Sunday, May 18, 2014

Fast Tracks Handlaid Switch Review

So I made my first switch using Fast Tracks

Here's the link:

I got the kit to make #6 Code 100 switches in HO Scale.

First thoughts:

1.  They messed up my initial order and it cost me an extra $45 to send back the wrong rail and receive the correct rail.

2.  The customer service takes some patience to contact, mainly because the guy you speak with is the guy who makes the stuff.

3.  That being said, he knows what he's talking about.  Leave a message and he will call you back.

4.  Print the diagram for the switch you are making.  I happened to have legal sized paper and printed mine on one page and it is absolutely a timesaver and really helps you understand what you are doing.

5.  Make your first switch in front of your computer using the videos that come with kit.  I watched all of them first and then watched each one as I completed each step.  Certain videos are out of order on purpose, mainly the ones demonstrating how to actually make the points.  Watch those very carefully.

6.  I used both my 30 watt iron and my 250 watt gun.  I found the iron sometimes not powerful enough to get the solder to flow.  The big gun is too powerful for much of the build and I actually melted a couple pc board ties with it.

Things I learned:

1.  Tinning the parts where ever you can makes things just a but easier and prevents globs of solder from forming.

2.  The Plio Bond glue is good stuff.  Make sure you shake it just like the video tells you and clean your tip everytime you use it.  Keep the box so you can stand the glue upright when not in use.  Be patient with glue, it is contact cement so give it the time to cure on both parts before connecting them.  I had some quicksticks come apart a couple time because I didn't let the glue set long enough.

3.  After I made my switch and installed it into my test track I learned right away that my points weren't sharp enough.  Just a touch from my moto-tool cutoff wheel corrected this problem.

4.  I did not make hinged point rails and have now found out that they are hard to switch positions.  I tried a ground throw, but a plastic ground throw doesn't do the trick.  I still have no intention of ever make hinged point rails at this time because the continuous ones look and perform so well.  The problem of throwing the switch is one that I can solve, just haven't gotten to that yet.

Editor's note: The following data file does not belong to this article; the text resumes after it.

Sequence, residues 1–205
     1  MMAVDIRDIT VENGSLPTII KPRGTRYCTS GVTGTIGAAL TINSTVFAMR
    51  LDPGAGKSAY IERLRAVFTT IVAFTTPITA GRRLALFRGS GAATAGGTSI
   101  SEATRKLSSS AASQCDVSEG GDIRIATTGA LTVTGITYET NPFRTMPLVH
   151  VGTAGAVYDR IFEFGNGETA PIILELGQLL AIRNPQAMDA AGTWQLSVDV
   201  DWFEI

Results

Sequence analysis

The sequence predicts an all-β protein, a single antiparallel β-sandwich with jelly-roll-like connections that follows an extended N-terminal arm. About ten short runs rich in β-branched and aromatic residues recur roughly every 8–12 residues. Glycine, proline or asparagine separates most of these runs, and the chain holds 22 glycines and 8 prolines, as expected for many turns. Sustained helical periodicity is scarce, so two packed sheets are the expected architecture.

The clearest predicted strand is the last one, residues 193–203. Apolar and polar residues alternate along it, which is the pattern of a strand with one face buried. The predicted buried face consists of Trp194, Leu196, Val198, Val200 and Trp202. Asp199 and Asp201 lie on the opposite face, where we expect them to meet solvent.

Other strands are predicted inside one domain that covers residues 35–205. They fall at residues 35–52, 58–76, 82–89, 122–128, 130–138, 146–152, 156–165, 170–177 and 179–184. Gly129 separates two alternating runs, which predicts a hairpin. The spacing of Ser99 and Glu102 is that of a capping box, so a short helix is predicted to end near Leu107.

5.  The conditions I tested my first switch on are harsh.  It's carpet taped directly to carpet with no road bed.  That's my standard for testing reliability.  I post more about how and why I do this later, but for now I'll say it's mainly to test my equipment to make sure everything meets operating standards.  I also use the Life Like track with plastic road bed and standard flex track directly on carpet to incorporate a number of grade changes and soft track sections.  Anything that works on my test track works everywhere.  The switch is working better than an Atlas Snap switch that I had in there before.

6.  As poorly as I made my first switch, it's a big improvement over a ready to run snap switch.

7.  Making Fast Tracks is a good example of a skill with a learning curve.  I expect my next one to be a huge jump in quality.

8.  The form needs to be brushed thoroughly with the wire brush that comes with it.  I couldn't understand why the rails were so tough to get into the form until after I was done.  When finished I scrubbed and washed the form with a wire brush and soap to clean the acid paste flux out of it and noticed that there had been fine machining particles in the sharp places.  Rail fits much easier now.

9.  Having the rail fit well into the form will eliminate 75% of the problem I had with gaps between the rail and the PC Board ties.

10.  Fast Track swtiches are super forgiving on mistakes, which is awesome because I made so many.  I re-did a bunch of soldering outside the form with no problems.  I used my moto-tool to fine tune sharpness with no problems.

11.  Here's a tip on the point form tool:  take a thick shop rag and lay it across your bench vice and gently secure the point form tool in the vice before filing.  Then use both hands on the file to make the point.  It vastly improves the accuracy of the filing.  Also use a brass wire brush to clean the file, it does a much better job than the steel brush.

And that's my first the next one I should have more useful info and I'll do some pix to go with it.

Final thought:

I invested about $450 into everything I got.  I got enough stuff to make 15 switches and all the one-time buy tools.  That seems like a lot of money, but 10 of those switches are being bought by a couple friends which helped me with the cost.  In my group of modelers, I'm the switch guy now and that should make this investment even up for me over another couple batches.

More to come about Fast first review says Fast Tracks is some good stuff and it was fun.

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